From Sept. 25 to 27, the United Nations will vote on adoption of the sustainable development goals (SDGs), a set of international development targets set to replace the Millennium Development Goals, which expire at the end of 2015.
The SDGs aim to eradicate poverty, build sustainable cities and combat climate change. Unlike the Millennium Development Goals, which were largely assigned in a top-down manner in New York and Geneva, the SDGs were conceived more democratically after three years of deliberation by a group of representatives from 70 countries. In addition to government representation, there was a high-level panel that included representatives from civil society, the private sector and academia, alongside local and national governments. In fact, the U.N. conducted the largest consultation in its history to shape the SDGs. These conversations included thematic and national discussions in addition to door-to-door surveys that sought feedback from a variety of stakeholders.
Perhaps as a result of this collaborative process, one of the objectives calls for “responsive, inclusive, participatory and representative decision-making at all levels,” calling for a new type of civic engagement that isn’t limited to elections and includes citizens in local governance and political decision-making.
What does it mean to engage citizens in governance? That’s a tricky question, not least because the definition of governance varies immensely from country to country. This is in part because of different structural, political and societal frameworks. For example, several countries are resource rich but give citizens little say in how their wealth is allocated or managed. In Albania, Tanzania and Mali, for example, greater transparency and accountability for the extractive industries will be a key issue for more inclusive government.
The lack of a common definition of governance complicates ambitious global attempts toward political development, but the United Nations’ SDGs treat this diversity of opinions as a strength. Instead of imposing specific targets and the means to achieve them, the SDGs will rely on local governments and civil societies to forge their own paths toward nationally relevant targets. To this end, there are 48 countries taking part in the Extractive Industries Transparency Initiative to create an international standard for the management of natural resource revenues.
Bottom-up participatory governance predates the U.N.’s global initiative. Take participatory budgeting (PB), which lets citizens make decisions on budget allocations that affect their everyday lives. It started in 1989, in Porto Alegre, Brazil, and as of 2015, more than 1.3 million residents of Rio Grande do Sul state have participated, with upward of 200,000 people choosing to vote online. Porto Alegre citizens use the participatory budgeting program to decide how to spend about one-fifth of the city’s budget, or an average of $71.5 million per year. Now more than 2,500 cities use PB.
In Buenos Aires in 2012, the Net Party (El Partido de la Red) was formed to advocate for a special kind of participatory democracy (also known as liquid democracy), in which an elected representative responds directly to the population’s online voting preferences. In the Democratic Republic of the Congo and Tanzania, the widespread use of mobile phones has enabled citizen participation and decision-making on crucial governmental health and education initiatives. In crisis-ridden Greece, Athens has created SynAthina, an online crowdsourcing platform for proposing social and urban solutions, such as housing schemes for the homeless that are co-implemented with the mayor’s office.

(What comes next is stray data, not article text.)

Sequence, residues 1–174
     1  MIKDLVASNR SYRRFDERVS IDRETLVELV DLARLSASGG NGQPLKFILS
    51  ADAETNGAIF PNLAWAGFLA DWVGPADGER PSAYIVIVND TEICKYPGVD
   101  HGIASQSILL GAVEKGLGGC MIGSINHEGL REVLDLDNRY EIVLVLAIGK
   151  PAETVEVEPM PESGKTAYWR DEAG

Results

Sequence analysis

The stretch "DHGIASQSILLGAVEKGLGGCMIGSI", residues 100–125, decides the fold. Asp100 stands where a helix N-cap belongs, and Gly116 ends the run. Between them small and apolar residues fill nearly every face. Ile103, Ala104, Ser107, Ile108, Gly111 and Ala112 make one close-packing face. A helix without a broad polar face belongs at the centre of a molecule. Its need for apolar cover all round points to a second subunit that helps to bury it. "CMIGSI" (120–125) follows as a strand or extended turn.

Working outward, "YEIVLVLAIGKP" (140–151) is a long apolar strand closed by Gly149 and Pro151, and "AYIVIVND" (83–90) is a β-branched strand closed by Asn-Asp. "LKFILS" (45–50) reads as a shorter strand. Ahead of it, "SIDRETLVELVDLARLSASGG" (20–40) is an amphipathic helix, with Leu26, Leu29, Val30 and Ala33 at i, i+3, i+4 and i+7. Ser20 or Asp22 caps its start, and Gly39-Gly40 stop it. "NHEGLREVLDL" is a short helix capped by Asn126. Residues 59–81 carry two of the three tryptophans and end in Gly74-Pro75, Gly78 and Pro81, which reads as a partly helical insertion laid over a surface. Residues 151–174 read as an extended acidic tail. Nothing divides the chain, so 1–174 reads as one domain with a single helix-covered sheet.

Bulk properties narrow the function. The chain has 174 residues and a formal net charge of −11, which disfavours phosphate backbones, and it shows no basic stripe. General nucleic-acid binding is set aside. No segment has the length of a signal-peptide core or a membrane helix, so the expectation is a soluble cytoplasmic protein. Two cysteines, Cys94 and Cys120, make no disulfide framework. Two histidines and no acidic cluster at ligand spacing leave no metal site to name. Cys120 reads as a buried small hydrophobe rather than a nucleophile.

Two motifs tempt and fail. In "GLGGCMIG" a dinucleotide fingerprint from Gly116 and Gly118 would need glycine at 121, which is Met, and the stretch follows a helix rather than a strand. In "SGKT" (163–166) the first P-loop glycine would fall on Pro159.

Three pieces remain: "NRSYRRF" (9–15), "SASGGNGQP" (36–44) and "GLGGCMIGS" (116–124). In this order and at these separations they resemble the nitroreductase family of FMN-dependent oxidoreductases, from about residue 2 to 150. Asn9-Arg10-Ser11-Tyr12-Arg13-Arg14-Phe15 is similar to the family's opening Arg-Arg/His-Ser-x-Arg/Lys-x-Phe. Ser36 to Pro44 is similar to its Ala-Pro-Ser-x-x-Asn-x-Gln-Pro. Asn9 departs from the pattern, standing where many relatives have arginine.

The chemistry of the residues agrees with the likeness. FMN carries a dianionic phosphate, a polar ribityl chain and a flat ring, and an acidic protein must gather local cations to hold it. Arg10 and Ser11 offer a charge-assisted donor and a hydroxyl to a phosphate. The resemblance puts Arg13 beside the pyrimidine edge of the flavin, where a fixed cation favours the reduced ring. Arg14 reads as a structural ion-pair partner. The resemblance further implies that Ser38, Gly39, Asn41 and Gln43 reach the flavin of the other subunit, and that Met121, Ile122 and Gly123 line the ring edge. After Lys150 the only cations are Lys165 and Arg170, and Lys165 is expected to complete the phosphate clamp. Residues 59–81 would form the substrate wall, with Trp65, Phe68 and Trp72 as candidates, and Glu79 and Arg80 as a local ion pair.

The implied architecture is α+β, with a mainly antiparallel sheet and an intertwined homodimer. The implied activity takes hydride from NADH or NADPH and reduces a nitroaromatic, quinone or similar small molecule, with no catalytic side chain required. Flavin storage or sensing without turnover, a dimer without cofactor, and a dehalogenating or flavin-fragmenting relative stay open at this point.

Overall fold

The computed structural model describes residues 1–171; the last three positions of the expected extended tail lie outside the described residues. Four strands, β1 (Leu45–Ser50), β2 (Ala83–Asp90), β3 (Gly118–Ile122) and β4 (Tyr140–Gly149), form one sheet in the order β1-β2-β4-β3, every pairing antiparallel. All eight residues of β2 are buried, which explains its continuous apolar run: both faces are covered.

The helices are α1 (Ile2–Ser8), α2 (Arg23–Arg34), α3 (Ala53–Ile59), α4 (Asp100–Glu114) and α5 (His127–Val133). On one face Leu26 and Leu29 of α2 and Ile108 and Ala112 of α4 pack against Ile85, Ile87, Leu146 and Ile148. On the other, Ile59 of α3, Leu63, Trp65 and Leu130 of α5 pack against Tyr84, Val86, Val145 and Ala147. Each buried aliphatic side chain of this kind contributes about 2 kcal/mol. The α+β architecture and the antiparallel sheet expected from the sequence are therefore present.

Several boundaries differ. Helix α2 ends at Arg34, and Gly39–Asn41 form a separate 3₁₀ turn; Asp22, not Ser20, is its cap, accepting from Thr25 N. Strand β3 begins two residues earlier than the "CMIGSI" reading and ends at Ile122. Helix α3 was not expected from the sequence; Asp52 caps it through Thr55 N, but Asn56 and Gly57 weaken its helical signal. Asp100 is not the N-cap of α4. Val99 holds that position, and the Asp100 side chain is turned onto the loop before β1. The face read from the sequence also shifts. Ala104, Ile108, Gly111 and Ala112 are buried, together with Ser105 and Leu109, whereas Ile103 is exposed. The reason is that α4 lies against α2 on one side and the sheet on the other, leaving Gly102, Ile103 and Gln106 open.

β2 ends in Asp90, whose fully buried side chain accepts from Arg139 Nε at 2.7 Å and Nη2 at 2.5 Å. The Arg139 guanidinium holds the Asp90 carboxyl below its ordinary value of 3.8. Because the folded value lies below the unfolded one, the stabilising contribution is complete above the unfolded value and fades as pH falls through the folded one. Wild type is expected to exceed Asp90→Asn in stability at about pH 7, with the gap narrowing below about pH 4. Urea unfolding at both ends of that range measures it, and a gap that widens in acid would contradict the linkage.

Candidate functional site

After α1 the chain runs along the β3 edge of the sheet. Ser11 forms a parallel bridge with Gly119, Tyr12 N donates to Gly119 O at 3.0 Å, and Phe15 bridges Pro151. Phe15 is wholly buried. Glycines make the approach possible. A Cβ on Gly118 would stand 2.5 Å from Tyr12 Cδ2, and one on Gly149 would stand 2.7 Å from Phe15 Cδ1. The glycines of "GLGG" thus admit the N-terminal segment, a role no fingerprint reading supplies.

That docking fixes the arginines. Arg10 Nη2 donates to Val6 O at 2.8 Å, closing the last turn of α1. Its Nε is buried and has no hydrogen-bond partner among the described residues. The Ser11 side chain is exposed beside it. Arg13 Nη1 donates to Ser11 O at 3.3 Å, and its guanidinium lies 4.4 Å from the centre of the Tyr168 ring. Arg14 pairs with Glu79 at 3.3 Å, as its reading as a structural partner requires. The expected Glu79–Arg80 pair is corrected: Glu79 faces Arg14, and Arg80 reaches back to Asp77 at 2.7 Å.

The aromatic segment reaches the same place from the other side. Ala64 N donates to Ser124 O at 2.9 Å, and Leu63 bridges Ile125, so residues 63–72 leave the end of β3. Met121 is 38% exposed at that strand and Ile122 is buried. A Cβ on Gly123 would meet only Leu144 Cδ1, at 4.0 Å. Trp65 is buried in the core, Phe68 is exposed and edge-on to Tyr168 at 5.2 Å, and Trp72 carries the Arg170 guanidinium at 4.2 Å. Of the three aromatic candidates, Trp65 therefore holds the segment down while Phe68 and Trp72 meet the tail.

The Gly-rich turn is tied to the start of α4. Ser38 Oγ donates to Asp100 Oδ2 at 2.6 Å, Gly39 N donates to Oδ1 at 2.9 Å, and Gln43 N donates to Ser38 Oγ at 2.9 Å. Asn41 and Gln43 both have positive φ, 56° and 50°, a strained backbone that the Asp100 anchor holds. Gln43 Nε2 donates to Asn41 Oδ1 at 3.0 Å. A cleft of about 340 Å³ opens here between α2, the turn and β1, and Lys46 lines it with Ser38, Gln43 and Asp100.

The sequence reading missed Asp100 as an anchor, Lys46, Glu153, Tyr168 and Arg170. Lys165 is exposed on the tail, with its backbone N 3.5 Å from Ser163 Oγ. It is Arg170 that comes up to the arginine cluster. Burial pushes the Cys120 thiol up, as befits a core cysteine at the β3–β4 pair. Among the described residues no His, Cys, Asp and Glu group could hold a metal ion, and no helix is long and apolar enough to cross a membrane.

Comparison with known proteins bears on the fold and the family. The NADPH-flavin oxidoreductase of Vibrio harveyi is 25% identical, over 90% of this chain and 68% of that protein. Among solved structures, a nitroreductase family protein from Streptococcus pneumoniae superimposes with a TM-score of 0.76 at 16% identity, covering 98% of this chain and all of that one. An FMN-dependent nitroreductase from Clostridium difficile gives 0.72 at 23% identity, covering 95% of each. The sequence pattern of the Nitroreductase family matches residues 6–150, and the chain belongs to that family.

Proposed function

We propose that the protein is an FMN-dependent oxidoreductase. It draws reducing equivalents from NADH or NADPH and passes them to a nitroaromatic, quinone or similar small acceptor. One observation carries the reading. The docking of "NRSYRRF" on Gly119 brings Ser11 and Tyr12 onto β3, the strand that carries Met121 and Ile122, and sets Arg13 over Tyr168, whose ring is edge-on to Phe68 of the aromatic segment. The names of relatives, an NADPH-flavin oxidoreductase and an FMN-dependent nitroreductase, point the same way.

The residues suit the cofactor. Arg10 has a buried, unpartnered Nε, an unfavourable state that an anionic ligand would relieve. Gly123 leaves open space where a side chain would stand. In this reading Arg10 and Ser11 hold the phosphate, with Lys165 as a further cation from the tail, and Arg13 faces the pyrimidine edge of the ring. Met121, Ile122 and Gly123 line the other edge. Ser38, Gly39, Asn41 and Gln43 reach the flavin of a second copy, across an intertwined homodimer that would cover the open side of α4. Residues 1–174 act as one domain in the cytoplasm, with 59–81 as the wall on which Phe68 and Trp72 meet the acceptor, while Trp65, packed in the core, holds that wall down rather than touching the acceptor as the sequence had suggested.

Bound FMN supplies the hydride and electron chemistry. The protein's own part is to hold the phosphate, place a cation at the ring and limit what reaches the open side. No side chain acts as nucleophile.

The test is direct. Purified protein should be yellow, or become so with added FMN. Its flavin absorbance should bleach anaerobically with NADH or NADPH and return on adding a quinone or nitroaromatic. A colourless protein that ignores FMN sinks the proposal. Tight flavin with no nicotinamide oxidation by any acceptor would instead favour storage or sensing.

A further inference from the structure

Most of these successful endeavors share a commitment to multisector involvement: They are inclusive not only in their goal of citizen engagement but also in the way they make use of private companies, technology, civil society groups and formal government agencies to reach their objectives. And these collaborations are truly global. Local organizations and elected officials are sharing best practices, learning what works from one another and serving as models for others to emulate. From the Open Government Partnership, which has grown from eight to 66 member countries, to Bloomberg Philanthropies Mayors Challenge, which is lifting up best urban practices from Warsaw to Philadelphia, groups help one another share lessons learned, experiment and strengthen the overall quality of democratic governance. The U.N. SDGs can help give these practices the attention they deserve.
Opening up processes for more transparency and accountability and more inclusive governance carries risks. They don’t necessarily give citizens large amounts of power just by virtue of being adopted. Special interests don’t just disappear; authoritarian governments could theoretically push back if people seem too empowered. So it’s important that these initiatives include a commitment to a plurality of opinions and more democratic outcomes. As Center for American Progress senior fellow Molly Elgin-Cossart outlined in a recent paper, “To get serious about delivering on the promise to leave no one behind, commitment to principles needs to be accompanied by action, measurable objectives and rigorous analysis.”
Nonetheless, they could create a window of opportunity to bring more democracy to localities, municipalities, countries and institutions around the world. Ultimately, though, it will be up to us — the people who elect our representatives — to hold them accountable to these lofty goals. That’s requires a lot more work than drafting resolutions in a U.N. conference room.